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Family stability teetering on edge in California

Becky Yeh - California correspondent   ( Tuesday, October 08, 2013

A pro-family group says a bill allowing three or more legal parents in California is "illogical" and contributes to the demise of family stability.

On Friday Governor Jerry Brown (D) signed legislation that will allow children in the state to have three or more legal parents. Senate Bill 274 mandates that courts recognize three or more legal parents so parents can share custody and the financial responsibilities of the child.

State Senator Mark Leno (D), who authored the bill, said he crafted the bill to change the state's family structure – a structure he says “is evolving” – giving same-sex parents the ability to have a child with an opposite-sex biological parent. One of the sponsors of the bill is the National Center for Lesbian Rights.

Randy Thomasson, president of, tells OneNewsNow the objective of the measure is clear. "Now even the word 'parent' has lost its unique meaning in the law,” he says. “SB 274 blows up the family unit by redefining the phrase 'natural parent' to mean ‘a non-adoptive parent ... whether biologically related to the child or not.’" He adds the measure “creates law based on feelings, not law based on human responsibility.”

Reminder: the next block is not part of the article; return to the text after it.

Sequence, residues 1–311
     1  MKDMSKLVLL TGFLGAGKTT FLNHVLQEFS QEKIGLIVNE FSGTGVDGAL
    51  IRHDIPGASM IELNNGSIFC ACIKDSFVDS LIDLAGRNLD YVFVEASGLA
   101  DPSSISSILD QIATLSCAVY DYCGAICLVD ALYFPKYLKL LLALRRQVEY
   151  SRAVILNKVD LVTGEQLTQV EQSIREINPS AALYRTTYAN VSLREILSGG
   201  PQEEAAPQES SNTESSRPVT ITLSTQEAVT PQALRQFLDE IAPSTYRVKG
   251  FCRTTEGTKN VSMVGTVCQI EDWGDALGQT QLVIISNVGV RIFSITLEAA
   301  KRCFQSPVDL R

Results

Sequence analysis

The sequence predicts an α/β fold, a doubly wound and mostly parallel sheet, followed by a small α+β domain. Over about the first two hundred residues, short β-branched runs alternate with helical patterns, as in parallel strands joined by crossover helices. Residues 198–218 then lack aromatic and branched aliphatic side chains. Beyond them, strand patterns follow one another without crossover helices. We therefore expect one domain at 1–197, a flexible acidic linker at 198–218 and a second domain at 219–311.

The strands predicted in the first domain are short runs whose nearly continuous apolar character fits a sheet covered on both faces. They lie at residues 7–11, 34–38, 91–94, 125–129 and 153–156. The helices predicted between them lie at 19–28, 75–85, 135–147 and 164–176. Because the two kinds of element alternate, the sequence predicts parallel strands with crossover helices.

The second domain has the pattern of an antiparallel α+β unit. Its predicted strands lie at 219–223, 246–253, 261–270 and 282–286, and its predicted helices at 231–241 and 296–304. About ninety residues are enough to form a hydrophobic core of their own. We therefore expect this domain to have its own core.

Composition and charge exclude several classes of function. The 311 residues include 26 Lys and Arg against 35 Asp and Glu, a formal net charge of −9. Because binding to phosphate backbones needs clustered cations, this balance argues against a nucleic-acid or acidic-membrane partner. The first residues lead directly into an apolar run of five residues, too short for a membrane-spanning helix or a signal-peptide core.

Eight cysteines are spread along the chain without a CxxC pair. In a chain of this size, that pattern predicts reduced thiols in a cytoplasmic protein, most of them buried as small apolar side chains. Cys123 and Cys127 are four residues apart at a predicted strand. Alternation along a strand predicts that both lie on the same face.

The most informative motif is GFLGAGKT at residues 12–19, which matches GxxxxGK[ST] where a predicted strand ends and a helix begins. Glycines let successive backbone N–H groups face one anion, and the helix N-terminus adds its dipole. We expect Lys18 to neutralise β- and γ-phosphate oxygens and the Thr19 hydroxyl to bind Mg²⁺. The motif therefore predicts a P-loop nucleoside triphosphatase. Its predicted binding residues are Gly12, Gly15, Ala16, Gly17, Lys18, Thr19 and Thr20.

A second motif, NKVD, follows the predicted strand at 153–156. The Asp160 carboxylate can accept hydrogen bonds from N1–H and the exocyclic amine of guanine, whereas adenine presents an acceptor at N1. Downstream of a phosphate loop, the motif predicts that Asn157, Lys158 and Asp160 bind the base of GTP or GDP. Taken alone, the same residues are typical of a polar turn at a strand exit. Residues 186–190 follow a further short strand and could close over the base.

Leno, one of the first two openly homosexual men to serve in the California Assembly, stated after the bill was signed that “courts need the ability to recognize these changes [in an evolving family structure] so children are supported by the adults that play a central role in loving and caring for them.”

Thomasson is holding both Leno and Brown responsible for undermining families.

Thomasson, Randy (

"It’s illogical. It makes no sense. And [by signing the bill] Governor Brown is contributing to the demise of family stability in California,” says the pro-family activist. “Talk about the bad influence of government – or in this case, the Democrat-run government, because this awful bill was pushed through by the majority Democrats."

Democrats currently have a supermajority in both the Senate (28-12) and Assembly (55-25).

The bill, which becomes state law on January 1, 2014, was opposed by pro-family groups that say it creates confusion and instability within the family unit. Brown vetoed a similar bill last year.

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